Pop culture obsessives writing for the pop culture obsessed.
Pop culture obsessives writing for the pop culture obsessed.

It's 3 p.m, let's listen to some of Arnold Schwarzenegger's batshit DVD commentaries

Illustration for article titled It's 3 p.m, let's listen to some of Arnold Schwarzenegger's batshit DVD commentaries
Photo: Robert Cianflone (Getty Images)

It’s 3 p.m.! Let The A.V. Club briefly make use of the waning hours of your productivity with some pop culture ephemera pulled from the depths of YouTube.


Movie commentary tracks are mostly useless. They straddle the line between “making of” documentary and just watching the film you’re sitting down to watch. They’re not quite one and not quite the other. If, for this very sound reason, you’ve skipped most commentary tracks, though, you may have missed a few of the rare instances where a bonus feature becomes actual art.

We’re talking, of course, about Arnold Schwarzenegger’s approach to the format.

The crown jewel of the bodybuilder/actor/politician’s work in the medium is found in the home release of Terminator 3: Rise Of The Machines, a film that only becomes interesting when Schwarzenegger rambles all over it. The good Samaritan who runs the Down Chunder YouTube channel has compiled a cut of the best moments from the commentary, helpfully providing a three and a half minute window into the mind of the square-jawed action movie icon.

One of Schwarzenegger’s favorite modes of commentary is simply talking about what he liked from the movie. For Rise Of The Machines, it’s a scene where a truck with a crane attached to it does, in the actor’s parlance, “wheelies” by skidding around and tilting up on its front tires. Like Daniel Day-Lewis in the thick of filming, Schwarzenegger also refuses to acknowledge the separation between himself and his role. While watching footage he delights in moments where his robotic character approaches a thick marble wall and “[punches] through with ease” or is attacked by a woman who “shoots me right in the mouth.”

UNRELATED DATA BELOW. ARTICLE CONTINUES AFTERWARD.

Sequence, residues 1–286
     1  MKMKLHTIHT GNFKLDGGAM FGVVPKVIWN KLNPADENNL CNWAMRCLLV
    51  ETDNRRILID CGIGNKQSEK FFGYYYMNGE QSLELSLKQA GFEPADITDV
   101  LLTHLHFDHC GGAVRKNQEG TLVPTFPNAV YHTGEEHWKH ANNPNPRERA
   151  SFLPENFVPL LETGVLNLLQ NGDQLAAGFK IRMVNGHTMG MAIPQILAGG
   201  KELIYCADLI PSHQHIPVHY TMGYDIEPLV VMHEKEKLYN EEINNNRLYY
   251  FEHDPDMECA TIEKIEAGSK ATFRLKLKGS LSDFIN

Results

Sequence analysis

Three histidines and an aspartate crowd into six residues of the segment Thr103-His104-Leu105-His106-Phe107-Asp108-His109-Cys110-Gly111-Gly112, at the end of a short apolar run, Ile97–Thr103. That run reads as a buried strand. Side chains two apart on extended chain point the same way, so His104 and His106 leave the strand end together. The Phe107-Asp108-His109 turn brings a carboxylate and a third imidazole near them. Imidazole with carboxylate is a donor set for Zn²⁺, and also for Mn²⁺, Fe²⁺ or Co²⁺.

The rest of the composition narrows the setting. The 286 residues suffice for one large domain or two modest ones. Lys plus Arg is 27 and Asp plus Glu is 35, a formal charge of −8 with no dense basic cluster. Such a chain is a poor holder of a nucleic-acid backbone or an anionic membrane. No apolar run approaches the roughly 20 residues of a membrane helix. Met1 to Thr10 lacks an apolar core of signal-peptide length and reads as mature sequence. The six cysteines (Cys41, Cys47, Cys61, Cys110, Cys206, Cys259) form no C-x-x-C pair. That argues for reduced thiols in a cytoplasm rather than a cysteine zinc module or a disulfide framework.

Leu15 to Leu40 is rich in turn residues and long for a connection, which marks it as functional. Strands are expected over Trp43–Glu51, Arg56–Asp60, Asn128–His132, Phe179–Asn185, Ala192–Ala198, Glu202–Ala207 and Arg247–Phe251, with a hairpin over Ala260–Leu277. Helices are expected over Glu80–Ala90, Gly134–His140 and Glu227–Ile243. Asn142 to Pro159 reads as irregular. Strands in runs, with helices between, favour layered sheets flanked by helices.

Also revealing and less endearing are the moments where he discusses women, like when Rise of the Machines co-star Kristanna Loken is introduced to the movie naked, as is tradition for Terminators. “I said to myself, well, this is great because now we have something different,” he explains. “They don’t just have to see my naked body arriving every time when I come back from the future to the present time. Let’s have a sexy girl for a change ... with a sexy body and just a knock-out ten figure and great physical appearance and beautiful face.”

He’s also in admiration of a scene where Loken’s Terminator enlarges her breasts at will because it, in his mind, gave women in the audience the potent fantasy of being able to do something similar. “Wouldn’t it be nice if you could play both sides, y’know, sometimes even simultaneously?” he imagines a real woman wondering.

Lastly, we have Schwarzenegger working himself into a frenzy over his own nude scene, imagining, again, an audience that’s extraordinarily happy to see that, even in 2003, the actor still looks very muscular when naked. For a few moments, Schwarzenegger seems to lose track of himself, recounting his bodybuilding awards and conjuring up viewers who enter every new Terminator movie wondering if we’ll ever again reach the lofty cinematic heights of when Schwarzenegger “showed his butt” and “even ... something in front” in the original movie.


While Rise of the Machines is Schwarzenegger’s best commentary track to date, his work on Total Recall and Conan The Barbarian is no “48% body fat, scrawny little bastard” either.

Joined by Paul Verhoeven for Recall, we get to hear more thoughts about women (“She has three breasts, huh? That’s the one with the three breasts”) and favorite scenes (“this scene is unbelievable because my frustration about this taxi cab does not understand where I want to go!”).

And, when chatting with John Milius about Conan ... well, we’re given a few more nuggets of wisdom, like the observation that “I was getting laid a lot in this movie. It was amazing.”


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Contributor, The A.V. Club. Reid's a writer and editor who has appeared at GQ, Playboy, and Paste. He also co-created and writes for videogame sites Bullet Points Monthly and Digital Love Child.